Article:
One Direction star Louis Tomlinson has launched a "crowdfunding" campaign to help bankroll his aim to take his new football club to the top.
The singer's deal to take over Doncaster Rovers alongside former chairman John Ryan was has been completed.
Now they are hoping to attract £2 million from supporters to help bring success to the League One club in what is thought to be one of the biggest crowdfunding projects started in the UK.
Louis, 22, who was at the centre of controversy last month after footage emerged seeming to show him and bandmate Zayn Malik smoking cannabis, is a lifelong Doncaster fan and played for their reserve team earlier this year.
After the joint takeover was confirmed today, he set out his goals for the club - which include lifting them into the lucrative Premier League.
"I think anything is possible and there's no point stumping your ambitions," he said.
"We are very ambitious and we're very enthusiastic - we're going to do the best we can and see where that takes us.
"I want to see the Doncaster Rovers supporters get the club the success it deserves. I grew up in Doncaster and have felt the love for football run through the town."
The pair have set up the Tomlinson Ryan Trust, which is putting in a six-figure sum as part of the crowdfunding campaign.
The trust's objectives for the club include:
:: Achieving Premier League status "by careful promotion, support, finance, and investment via its holding company"
:: Building a "high-quality" playing squad
:: Expanding the club's supporter base in the UK and internationally
:: Helping supporters obtain direct ownership of up to 5% of the club
:: Growing the Doncaster Rovers brand
:: Embracing and supporting youth development and sports activities generally.
In return for pledges of cash, those who give to the crowdfunding campaign will be offered rewards including a place on a newly formed "Club 28", which gives them the chance to have a say in the future of the club. Other incentives include a range of Club 28 merchandise.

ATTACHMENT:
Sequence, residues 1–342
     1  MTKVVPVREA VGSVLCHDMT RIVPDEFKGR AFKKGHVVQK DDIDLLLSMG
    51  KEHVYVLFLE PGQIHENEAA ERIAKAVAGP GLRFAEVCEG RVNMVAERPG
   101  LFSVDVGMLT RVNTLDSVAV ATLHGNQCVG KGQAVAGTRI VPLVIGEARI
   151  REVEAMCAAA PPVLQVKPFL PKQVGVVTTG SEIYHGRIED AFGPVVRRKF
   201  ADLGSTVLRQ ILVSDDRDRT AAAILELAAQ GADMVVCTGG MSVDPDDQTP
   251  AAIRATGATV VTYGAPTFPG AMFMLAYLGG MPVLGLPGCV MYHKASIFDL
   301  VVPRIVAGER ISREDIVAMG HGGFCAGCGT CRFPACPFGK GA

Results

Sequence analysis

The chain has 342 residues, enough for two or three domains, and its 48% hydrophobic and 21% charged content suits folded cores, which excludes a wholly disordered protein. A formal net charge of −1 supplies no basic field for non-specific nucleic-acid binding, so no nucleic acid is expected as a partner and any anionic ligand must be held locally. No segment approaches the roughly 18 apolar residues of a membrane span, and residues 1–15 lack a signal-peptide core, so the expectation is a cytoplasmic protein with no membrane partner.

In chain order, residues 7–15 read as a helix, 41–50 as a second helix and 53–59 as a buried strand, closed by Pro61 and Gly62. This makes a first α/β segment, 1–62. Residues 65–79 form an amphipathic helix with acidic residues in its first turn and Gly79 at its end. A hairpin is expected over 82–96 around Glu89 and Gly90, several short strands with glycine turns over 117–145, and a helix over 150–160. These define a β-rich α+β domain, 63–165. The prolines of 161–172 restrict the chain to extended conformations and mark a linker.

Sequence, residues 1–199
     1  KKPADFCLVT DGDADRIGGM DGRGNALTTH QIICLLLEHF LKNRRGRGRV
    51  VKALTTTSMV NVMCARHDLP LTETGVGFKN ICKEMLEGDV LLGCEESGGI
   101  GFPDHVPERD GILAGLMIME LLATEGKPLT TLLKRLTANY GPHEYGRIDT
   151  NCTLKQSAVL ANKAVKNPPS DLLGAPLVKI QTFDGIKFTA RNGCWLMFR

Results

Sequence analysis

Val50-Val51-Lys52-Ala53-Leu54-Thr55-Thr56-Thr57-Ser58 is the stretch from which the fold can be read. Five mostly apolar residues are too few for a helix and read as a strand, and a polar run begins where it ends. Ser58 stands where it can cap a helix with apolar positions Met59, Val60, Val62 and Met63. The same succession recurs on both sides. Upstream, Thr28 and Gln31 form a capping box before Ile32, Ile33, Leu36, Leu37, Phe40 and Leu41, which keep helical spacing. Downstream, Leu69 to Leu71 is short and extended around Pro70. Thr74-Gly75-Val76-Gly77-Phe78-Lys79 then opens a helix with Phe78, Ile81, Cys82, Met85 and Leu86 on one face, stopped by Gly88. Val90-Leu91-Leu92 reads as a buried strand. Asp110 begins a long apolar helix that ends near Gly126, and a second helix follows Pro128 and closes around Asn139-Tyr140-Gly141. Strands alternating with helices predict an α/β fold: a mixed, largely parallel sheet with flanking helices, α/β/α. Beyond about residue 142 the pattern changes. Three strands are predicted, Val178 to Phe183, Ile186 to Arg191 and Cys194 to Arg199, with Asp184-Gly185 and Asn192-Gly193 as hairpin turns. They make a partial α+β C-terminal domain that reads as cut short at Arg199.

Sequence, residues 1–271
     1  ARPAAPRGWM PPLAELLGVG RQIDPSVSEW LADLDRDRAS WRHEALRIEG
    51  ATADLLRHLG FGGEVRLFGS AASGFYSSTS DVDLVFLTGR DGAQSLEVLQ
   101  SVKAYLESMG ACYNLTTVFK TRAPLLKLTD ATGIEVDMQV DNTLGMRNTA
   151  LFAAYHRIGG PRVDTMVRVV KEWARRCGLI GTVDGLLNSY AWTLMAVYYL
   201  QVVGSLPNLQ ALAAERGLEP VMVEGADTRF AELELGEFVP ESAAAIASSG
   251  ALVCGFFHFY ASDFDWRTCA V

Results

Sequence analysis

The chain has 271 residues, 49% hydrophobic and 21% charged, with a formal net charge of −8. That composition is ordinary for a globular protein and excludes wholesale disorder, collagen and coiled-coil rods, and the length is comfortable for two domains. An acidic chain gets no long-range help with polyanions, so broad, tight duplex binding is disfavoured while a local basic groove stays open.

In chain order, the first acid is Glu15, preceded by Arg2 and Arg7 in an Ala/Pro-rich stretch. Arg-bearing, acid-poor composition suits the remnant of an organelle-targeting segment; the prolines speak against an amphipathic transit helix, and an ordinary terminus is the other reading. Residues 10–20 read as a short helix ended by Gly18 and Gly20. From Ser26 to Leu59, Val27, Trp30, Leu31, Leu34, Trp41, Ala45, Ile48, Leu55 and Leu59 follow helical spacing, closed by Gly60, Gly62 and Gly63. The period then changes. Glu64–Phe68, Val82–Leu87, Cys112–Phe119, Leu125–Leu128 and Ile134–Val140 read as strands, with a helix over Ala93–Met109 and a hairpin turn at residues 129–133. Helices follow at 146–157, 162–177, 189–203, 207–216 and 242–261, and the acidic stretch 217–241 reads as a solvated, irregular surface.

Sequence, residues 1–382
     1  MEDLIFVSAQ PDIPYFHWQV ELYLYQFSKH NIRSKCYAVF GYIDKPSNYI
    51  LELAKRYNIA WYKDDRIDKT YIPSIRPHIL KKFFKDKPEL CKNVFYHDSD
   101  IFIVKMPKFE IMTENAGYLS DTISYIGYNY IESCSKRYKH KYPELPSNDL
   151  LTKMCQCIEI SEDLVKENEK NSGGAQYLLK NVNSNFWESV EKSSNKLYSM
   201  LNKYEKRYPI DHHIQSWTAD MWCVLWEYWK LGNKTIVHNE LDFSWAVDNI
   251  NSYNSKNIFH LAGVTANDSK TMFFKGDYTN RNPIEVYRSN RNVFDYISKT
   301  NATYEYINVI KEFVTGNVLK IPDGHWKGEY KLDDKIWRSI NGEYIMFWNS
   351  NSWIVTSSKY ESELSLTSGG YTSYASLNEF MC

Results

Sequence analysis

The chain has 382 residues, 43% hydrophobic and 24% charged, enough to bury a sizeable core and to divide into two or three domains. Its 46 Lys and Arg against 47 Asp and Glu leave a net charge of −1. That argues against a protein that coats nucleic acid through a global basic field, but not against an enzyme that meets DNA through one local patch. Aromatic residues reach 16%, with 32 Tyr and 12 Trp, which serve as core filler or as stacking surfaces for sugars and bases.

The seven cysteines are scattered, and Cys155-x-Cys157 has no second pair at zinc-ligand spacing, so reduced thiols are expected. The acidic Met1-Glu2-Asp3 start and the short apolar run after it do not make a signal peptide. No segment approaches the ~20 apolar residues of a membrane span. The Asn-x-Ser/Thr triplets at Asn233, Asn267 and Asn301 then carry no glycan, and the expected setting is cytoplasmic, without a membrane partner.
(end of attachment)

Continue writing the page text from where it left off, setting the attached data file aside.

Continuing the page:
Crowdfunding rules mean money will be returned to donors if the £2 million target is not reached, while rewards are only released if the goal is achieved.
Many of One Direction's army of teenage fans will not be able to offer their support - donations are only accepted from people who are aged over 18.
Last month One Direction were named fourth in the Sunday Times Rich List of young musicians with an estimated fortune of £14 million each and a combined wealth of £70 million.
Louis's bid to take over the club was delayed previously because of snags related to his image rights, which are owned by his management team and would entitle them to a share of any money generated from the use of his image or name.
They believe that interest in the club will increase as a result of Louis's ownership and it is understood they battled for a share of any extra revenue made through merchandise and extra ticket sales.
The latest developments drew a sceptical reaction from Doncaster fans.
Writing on a supporters' forum, one wrote: "I'm horrified if this is the future of the club, if they don't have the funds to support the club independently then why buy it."
Another comment said: "I'm horrified at the concept of this. We have been sold down the river."
One added: "There is no way we will raise 2m!"
Some were more willing to give the project time. "Lets not jump to conclusions just yet," wrote one follower. "But questions need to be answered, I feel."
Another said: "I personally think it's a good idea. The crowd funding gifts seem to be solely aimed at 1D fans. It's a good way of the club getting money from 1D fans around the world."
Crowdfunder.co.uk managing director Phil Geraghty hailed campaign as "really exciting".